Added to this is the fact that while Christians lump the books into one generically named Old Testament (not named so until 170 AD by Melito of Sardis) the Hebrews divided their bible into three sections, the Torah or Law, the Prophets, and the Writings.[ii]

Interestingly, the Prophets section in the Hebrew Bible includes Joshua, Judges, Samuel, and Kings while Chronicles is in the Writings.  I had the pleasure of talking with a rabbi about the Hebrew scriptures. I asked him about books in the Writings like Job.   He informed me that they have an expression that went like, “Truer than if it were true”.  He said while that he didn’t believe Job actually lived, what was taught in there was a vital truth.  But it was not part of the Law and the Prophets.

Psalms, Proverbs, Job, Song of Songs, Ruth, Lamentations, Ecclesiastes, Esther, Daniel, Ezra-Nehemiah, and Chronicles are all in the Writings section of the Hebrew Bible.

There were no “bibles” at the time original Christianity was formed. There were individual scrolls, the scroll of Isaiah, the scroll of Jeremiah, and so on. There is no evidence that the old testament as we know was accepted in its entirety as the Word of God in the first century.  Furthermore, the evidence suggests that only those books labeled the law and the prophets were read as scripture in the synagogue or by Christian groups of the first centuries after Christ.  That is not to say that the other books of what we call the old testament were not available. And while new testament books like Paul’s epistles were available they too were not declared scripture by extant writings, as far as we know, at least during and immediately after the first century AD.

Without a prophet of God to verify the scriptural status of each scripture and since there was no “bible” in original Christianity we can only look at references to see what books had the authority of the “word of God”

Let’s look at some of the references that Jesus and Paul used.

And he said unto him, If they hear not Moses and the prophets, neither will they be persuaded, if one rise from the dead. (Luke 16:31)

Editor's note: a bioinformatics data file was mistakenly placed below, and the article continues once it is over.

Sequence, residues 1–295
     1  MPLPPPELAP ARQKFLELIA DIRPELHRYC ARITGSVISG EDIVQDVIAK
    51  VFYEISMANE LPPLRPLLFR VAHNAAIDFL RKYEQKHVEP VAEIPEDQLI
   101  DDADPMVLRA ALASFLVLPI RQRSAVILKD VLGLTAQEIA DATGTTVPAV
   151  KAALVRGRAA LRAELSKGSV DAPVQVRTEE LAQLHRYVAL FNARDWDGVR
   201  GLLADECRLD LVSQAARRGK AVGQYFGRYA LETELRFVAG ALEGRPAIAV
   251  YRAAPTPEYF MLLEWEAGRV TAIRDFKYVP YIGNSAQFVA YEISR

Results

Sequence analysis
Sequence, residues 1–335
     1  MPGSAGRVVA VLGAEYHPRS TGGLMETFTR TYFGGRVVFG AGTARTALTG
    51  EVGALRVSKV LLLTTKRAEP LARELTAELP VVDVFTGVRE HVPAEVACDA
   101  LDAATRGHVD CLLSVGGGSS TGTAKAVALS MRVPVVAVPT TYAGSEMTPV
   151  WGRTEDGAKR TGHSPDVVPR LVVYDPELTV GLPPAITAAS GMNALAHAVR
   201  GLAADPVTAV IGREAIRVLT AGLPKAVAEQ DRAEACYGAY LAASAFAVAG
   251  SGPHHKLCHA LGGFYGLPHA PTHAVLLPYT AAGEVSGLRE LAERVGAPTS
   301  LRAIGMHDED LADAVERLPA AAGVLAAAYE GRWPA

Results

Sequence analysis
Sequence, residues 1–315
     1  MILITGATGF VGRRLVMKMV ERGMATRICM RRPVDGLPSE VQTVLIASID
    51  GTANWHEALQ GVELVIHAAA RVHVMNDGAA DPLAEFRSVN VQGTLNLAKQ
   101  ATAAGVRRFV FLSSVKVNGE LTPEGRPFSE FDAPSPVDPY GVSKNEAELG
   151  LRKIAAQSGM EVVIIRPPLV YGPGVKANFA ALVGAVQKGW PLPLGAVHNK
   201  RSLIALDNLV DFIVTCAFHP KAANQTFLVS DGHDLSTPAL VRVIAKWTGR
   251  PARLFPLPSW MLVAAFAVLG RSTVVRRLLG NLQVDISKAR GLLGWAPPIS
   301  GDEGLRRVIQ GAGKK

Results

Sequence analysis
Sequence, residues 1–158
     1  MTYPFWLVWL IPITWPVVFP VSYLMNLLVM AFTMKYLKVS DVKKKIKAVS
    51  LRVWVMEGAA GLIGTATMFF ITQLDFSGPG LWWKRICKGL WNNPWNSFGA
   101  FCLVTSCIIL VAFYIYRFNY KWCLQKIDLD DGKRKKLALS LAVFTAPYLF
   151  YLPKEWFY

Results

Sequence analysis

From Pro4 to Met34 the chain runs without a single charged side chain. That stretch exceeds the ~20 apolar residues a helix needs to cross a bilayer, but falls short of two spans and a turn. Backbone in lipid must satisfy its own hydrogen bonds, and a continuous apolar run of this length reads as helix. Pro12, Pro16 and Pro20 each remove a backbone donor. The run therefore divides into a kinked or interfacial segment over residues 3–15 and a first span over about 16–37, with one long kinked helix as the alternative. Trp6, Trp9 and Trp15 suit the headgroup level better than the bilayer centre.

And beginning from Moses and from all the prophets, he interpreted to them in all the scriptures the things concerning himself. (Luke 24:27)

But this I confess unto thee, that after the Way which they call a sect, so serve I the God of our fathers, believing all things which are according to the law, and which are written in the prophets; (Act 24:14)

The Law and the Prophets are what both Jesus and Paul referred to as the writings that should be believed.
Jesus speaks about which books to consider:

Ye search the scriptures, because ye think that in them ye have eternal life; and these are they which bear witness of me; (John 5:39)

The Septuagint was available in Jesus’ time, but he apparently didn’t use it. Where he was there were only scrolls of individual books. There are no references to Esther or Ecclesiastes by Jesus or Paul. The one certain determination about which books had divine status when we read the gospels was whether they were part of the Law and the Prophets. The Law and the Prophets are certainly less than what the rabbis in Jesus’ time or the bishops in the fourth century decided were “scripture”.  One principle of original Christianity is that what was absolutely considered scripture was the Law and the Prophets.  The “Law and the Prophets” means just the Torah, the first 5 books of the Old Testament, and the prophetic books like Isaiah, Jeremiah, Daniel, etc.  However, there is more. There are both direct references and allusions (brief references without quoting exactly) in the gospels and epistles to 1st and 2nd Samuel, 1st and 2nd Kings, 1st and 2nd Chronicles, Job, and Proverbs.

While it does not appear that they were recognized as such when written, the epistles themselves make declarations that they contain the revelation given to set up the Church age.  That makes them Scripture and were later recognized as such.

The Hebrew Version of the Old Testament is called the Masoretic text.  There was a Greek version of the Old Testament called the Septuagint and it had poetic books and historical books besides the Law and the Prophets.  Scholars say that the quotes that the new testament writers cite align more closely with the Septuagint than with the Masoretic text.  That doesn’t necessarily mean that the disciples preferred the Greek version, a possible explanation is that the Septuagint was translated from earlier scrolls than the Masoretic text we have today and thus was more accurate.

If you are like me you are not ready to throw out the Writings section of the Old Testament and I am not saying to do so.  I read books like 1 and 2 Chronicles and poetic writings like Proverbs all the time

The point of this article is to show the change in perspective from the time of original Christianity to now.  For a good while in the last centuries, certain Christian churches have grown to take the position that the 66 books of the Protestant Bible are inerrantly the “Word of God” whereas it appears that to the first-century Christians, not all 66 books were considered such.

For the above reasons, I am dedicating a section labeled the Law and the Prophets to the website with the view of looking at what Jesus and his disciples called scripture and quoted from. There is also material about Scripture on Determining which Writings are Scripture.
[i] https://www.ethiopianorthodox.org/english/canonical/books.html The Ethiopian Tewahedo Church Faith and Order page.

[ii] The Encyclopedia Brittanica Online page on the Hebrew Bible, https://www.britannica.com/topic/Hebrew-Bible

© copyright 2009-2022 Mark W Smith Last Revised 2022.  All Rights Reserved.

February 19th, 2009 Posted by | Original Christianity, The Law and The Prophets | one comment